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Radio is playing a ‘huge’ role in establishing new churches

A new translation of the Bible is being undertaken for the Totonac Indians of Mexico.

The Totonac Bible translators at work

This news was revealed to the ASSIST News Service by Dr. Dale Kietman, founder of Latin American Indian Ministries (, who explained that the translation is being undertaken for the Totonac people in Tepetsintla and the surrounding area.

“They speak another dialect of Totonac, and can only understand the current translation with great difficulty. There are believers among them, but they are anxious to have the Scriptures in their mother tongue,” he said.

“Two men from Tepetsintla, Pablo and Roberto, were in the translation workshop held in La Union. Eddie, a high school student, joined the team while he was on break. He seems to have the ability to put himself in the reader’s shoes and troubleshoot what might not be understood.

“This makes him great for checking the understanding of passages. The other mature men often marvel at the accuracy of his comments about the translation. Pray for his salvation, and that he would continue to help when he can.”

The work among this tribe is now being spearheaded by Totonac Christian leader, Felipe Ramos who is continuing the work that began in 1972 as the Totonac Bible Center, Inc.

Felipe Ramos during a Totonac radio broadcast

Ramos said recently that radio plays a huge role in reaching out to his people in remote areas and has contributed to the growth of new churches. He said that, “in every Totonac village, they played the program at highest volume,” both out of pride that such a language program was on the air, and also so everyone could hear. Now the almost weekly appearance of a new group gathering for Bible study has shifted the emphasis once again to training leaders for the new congregations.”

Dr. Kietzman went on to say, “Reports from the Totonac work continue to be very encouraging. New believers are added daily; new groups seem to begin every week or two. The radio ministry has been very effective in reaching into some pretty isolated places. Pastors Felipe and Silvestre and their colleagues are kept busy traveling the trails to get to all of these places.

“Pray also that the Gospel of Luke will be ready to be recorded and distributed by the end of this year. That is the goal they have set.”

Manuel Arenas pictured in La Union, Mexico
(Photo: Dan Wooding)

The original founder of this work among the Totonacs was Manuel Arenas, a brilliant young man who began work in 1972 as the Totonac Bible Center, Inc. At that time, its primary goal was to support the work of Arenas, who was the principal translation helper for Herman P. Aschmann in his early translation efforts among the Highland Totonac people. (Mr. Aschmann died on February 18th, 2008 – his 94th birthday– at the Life Care Center in Longmont, Colorado, due to complications from pneumonia.)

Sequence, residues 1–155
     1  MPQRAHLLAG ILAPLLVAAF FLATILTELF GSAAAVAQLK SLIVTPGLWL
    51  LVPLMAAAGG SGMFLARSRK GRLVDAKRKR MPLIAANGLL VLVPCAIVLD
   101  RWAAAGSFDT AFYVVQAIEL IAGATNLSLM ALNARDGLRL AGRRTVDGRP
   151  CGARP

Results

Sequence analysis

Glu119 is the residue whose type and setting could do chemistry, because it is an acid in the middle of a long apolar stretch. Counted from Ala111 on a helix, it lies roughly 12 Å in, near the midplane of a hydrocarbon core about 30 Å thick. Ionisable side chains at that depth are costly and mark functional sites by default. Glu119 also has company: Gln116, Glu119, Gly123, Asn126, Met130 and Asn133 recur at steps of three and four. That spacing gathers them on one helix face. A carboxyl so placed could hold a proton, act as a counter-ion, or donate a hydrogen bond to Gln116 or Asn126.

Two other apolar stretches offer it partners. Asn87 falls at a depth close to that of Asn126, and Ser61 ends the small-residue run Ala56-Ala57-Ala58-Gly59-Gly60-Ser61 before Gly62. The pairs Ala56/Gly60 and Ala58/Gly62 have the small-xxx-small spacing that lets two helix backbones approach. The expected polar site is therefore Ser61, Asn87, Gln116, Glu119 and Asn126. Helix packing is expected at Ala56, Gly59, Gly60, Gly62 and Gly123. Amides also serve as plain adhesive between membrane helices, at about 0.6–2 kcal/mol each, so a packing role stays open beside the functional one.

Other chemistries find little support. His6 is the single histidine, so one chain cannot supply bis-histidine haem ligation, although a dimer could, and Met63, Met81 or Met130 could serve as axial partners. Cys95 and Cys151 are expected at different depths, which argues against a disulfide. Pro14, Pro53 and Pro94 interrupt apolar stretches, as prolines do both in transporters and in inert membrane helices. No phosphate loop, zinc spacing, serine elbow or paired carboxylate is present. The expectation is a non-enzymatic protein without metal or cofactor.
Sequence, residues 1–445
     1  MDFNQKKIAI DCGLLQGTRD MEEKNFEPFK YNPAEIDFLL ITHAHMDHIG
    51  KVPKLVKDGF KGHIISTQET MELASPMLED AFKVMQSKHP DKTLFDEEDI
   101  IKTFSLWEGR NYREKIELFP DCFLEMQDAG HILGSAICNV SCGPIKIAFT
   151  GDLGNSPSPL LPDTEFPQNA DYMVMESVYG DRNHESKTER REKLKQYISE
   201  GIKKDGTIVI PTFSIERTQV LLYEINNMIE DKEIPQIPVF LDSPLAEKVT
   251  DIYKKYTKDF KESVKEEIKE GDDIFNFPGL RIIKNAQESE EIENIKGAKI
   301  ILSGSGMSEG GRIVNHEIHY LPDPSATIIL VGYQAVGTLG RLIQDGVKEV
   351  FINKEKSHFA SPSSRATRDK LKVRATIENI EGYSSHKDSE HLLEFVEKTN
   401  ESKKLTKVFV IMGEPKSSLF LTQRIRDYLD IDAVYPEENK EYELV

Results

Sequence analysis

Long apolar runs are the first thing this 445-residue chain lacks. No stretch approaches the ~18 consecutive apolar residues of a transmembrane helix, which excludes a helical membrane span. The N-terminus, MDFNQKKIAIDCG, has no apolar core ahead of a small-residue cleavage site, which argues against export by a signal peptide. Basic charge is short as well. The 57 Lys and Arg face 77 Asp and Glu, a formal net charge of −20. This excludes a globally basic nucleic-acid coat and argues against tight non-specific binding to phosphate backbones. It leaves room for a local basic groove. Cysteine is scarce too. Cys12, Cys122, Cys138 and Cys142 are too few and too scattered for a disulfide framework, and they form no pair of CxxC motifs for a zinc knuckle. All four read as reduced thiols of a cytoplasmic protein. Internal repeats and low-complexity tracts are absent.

After having gained an excellent education in the United States and Germany, Manuel determined to establish a school among his own people. He recruited Felipe Ramos, another Totonac in seminary at the time, to help him begin the project. The Centro Cultural Pro-Totonaco in La Union, Puebla, is a witness to his vision.

Over the years, Manuel tried in various ways to expand his vision to all the tribal groups of Mexico. He organized three different consultations of Christian leaders from other tribes. The first was held at the Totonac Center, the others in the states of Oaxaca and Chiapas, as he wanted to attract more of the pastors from those areas. He also opened his school to students from other tribes.

After Manuel’s death in 1992, Dr. Kietzman, a former head of the U.S. branch of Wycliffe Bible Translators, became president of the Totonac Bible Center board in the United States. Increasingly, the support activity focused on other tribes, following Manuel’s vision. As a consequence, in 1996, the Board voted to change the name of the corporation to Latin American Indian Ministries (LAIM).

Note: The Totonac Culture was a rival city state to the Aztecs, who had ruled most of what is now Veracruz in Mexico before the Aztecs conquered them about 25 years before the Spanish conquistador Cortés landed in AD 1516. The capital city of the Totonac culture was at Zempoala, and at the time of the Spanish arrival, they numbered about 100,000 people. In 1980 there were 185,836 Totonac speaking people, 117,533 in Veracruz and 63,303 in Puebla.

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